SEOUL, Nov 24 (Reuters) - The U.S. and South Korean militaries will stage a large-scale exercise off the west coast of the peninsula from this weekend, just days after North Korea fired a barrage of missiles at a South Korean island.
The nuclear-powered USS George Washington will participate in the exercise from Sunday to the following Wednesday.
Here are some questions and answers about the exercise:
WHY CONDUCT JOINT EXERCISES?
The exercises are held primarily to send a message to North Korea that the U.S. military stands by South Korea. These combined drills are also an overt show of force.
Washington says large-scale drills, which started after the sinking of the Cheonan warship in March, are designed to send a clear message to North Korea that its aggressive behaviour must stop.
The U.S. and South Korean militaries are vastly better equipped than the North’s, and experts say they would quickly win any war. The North’s force of over a million troops easily outnumbers the U.S.-South Korean contingent, but its equipment is old and it barely has enough fuel to fly its fighter jets. The exercises also serve to underline the gap in technology.
HOW OFTEN AND WHERE ARE THEY HELD?
South Korea and the United States hold combined exercises each year, but after the sinking of the Cheonan they agreed to stage a series of large-scale military drills. This weekend’s exercise will be their third of these extra combined manoeuvres, and the second to take place near where the Cheonan was torpedoed in the Yellow Sea. North Korea denies responsibility for the attack.
A joint drill in July involving the aircraft carrier the USS George Washington was initially planned for the Yellow Sea off the peninsula’s west coast, but after criticism from China it was moved to areas off the east coast.
This weekend’s drill had initially been scheduled for late last month, just before the G20 summit in Seoul, but was postponed due to scheduling problems.
WHAT IS THE SIGNIFICANCE OF SENDING AN AIRCRAFT CARRIER?
The participation of 97,000-ton nuclear-powered carrier from the U.S. 7th Fleet is the ultimate show of strength. Carriers have a become a symbol the United States’ position as a superpower.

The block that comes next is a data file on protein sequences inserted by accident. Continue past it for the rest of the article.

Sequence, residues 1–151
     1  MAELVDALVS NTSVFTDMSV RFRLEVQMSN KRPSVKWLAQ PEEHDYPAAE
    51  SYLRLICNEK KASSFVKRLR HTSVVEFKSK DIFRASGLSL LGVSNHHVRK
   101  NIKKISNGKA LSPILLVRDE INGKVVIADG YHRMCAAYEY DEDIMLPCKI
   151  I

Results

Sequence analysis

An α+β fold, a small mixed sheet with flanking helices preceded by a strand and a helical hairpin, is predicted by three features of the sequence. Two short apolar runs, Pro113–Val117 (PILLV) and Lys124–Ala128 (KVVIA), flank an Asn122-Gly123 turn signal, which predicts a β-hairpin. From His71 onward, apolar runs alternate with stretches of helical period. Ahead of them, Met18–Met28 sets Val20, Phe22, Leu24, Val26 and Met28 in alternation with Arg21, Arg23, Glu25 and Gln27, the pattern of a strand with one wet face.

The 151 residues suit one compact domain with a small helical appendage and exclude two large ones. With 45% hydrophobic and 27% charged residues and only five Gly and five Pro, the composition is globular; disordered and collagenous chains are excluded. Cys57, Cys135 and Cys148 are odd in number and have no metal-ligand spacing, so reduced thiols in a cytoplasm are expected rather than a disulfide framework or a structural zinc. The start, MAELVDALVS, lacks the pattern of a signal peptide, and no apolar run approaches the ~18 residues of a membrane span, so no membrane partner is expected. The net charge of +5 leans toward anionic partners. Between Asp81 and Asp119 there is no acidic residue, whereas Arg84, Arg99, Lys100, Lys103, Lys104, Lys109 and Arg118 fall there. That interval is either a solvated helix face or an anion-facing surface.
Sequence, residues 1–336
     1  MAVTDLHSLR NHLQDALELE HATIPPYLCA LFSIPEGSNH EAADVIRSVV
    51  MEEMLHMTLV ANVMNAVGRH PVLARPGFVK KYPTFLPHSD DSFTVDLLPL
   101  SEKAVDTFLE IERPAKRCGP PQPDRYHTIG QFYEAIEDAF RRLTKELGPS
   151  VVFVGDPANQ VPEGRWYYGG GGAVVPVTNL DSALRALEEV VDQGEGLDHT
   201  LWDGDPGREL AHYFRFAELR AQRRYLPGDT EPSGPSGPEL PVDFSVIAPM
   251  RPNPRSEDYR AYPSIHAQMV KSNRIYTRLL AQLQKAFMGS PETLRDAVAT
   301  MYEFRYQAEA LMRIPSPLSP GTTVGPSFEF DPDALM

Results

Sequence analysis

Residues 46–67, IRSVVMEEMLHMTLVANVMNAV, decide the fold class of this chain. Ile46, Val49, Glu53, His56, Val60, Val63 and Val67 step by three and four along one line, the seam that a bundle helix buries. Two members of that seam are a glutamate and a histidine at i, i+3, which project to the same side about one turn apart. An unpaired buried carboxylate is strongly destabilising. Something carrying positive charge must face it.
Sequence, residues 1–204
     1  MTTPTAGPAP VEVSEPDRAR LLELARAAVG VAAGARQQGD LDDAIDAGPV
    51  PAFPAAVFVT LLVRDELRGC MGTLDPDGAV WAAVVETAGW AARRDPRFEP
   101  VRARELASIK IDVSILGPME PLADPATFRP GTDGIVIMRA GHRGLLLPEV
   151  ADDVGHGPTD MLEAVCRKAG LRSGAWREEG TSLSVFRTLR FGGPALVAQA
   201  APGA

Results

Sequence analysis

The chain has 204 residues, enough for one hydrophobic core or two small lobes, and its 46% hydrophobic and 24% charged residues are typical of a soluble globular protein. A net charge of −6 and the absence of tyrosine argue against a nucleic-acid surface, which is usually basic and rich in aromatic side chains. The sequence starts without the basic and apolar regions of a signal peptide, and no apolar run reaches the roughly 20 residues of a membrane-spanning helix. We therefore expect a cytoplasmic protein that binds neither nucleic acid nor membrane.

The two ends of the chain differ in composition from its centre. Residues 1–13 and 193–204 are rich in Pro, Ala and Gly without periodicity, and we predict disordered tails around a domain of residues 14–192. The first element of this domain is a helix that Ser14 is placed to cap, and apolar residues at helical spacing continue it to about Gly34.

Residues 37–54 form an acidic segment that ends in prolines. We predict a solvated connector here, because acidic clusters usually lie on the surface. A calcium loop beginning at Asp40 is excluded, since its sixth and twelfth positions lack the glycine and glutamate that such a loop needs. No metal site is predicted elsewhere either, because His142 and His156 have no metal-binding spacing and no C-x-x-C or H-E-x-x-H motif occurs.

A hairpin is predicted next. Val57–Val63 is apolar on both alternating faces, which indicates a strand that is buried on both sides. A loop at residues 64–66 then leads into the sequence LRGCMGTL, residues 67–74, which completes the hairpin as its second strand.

The carrier strike group includes 75 aircraft and 6,000 sailors. These massive vessels, essentially mini cities at sea, have found an important role as the “forward military presence” of the United States. The United States has 11 carriers in service around the world, about twice as many as the rest of the world.
WHY DOES THIS UPSET NORTH KOREA SO MUCH?
Pyongyang regards military exercises by South Korea and the United States with genuine unease, fearing the manoeuvres could be a smokescreen for a real attack.
The North customarily responds to such exercises with bellicose remarks. In July, it threatened “a sacred war” if the allies went ahead with joint exercises. On Thursday, it said it “will wage second and even third rounds of attacks without any hesitation if warmongers in South Korea make reckless military provocations again”.
The North says the exercises also violate its sovereignty and pose a major danger for the security of the region.
WHY HAS CHINA REACTED SO ANGRILY TO THE EXERCISES THIS YEAR?
China has in the past given two reasons for its opposition to the drills. Firstly, it says they add to tensions in the region, which have been running high since the sinking of the Cheonan. Tuesday’s shelling of a remote island village raised tension levels another notch. Secondly, China says the exercises threaten its own security, happening too close to home shores for comfort.
Beijing has also been irked by U.S. Navy ships engaging in surveillance in waters close to its coast.
The United States says the Chinese should have no concerns with these types of exercises because they take place in international waters.
More broadly, China fears being encircled by hostile forces, whether Russia to the north, India to the southwest or U.S. military bases in Japan and South Korea. (Editing by Nick Macfie and Ron Popeski) (email@example.com; Reuters Messaging: firstname.lastname@example.org; +822 3704 5510) (If you have a query or comment on this story, send an email to email@example.com)
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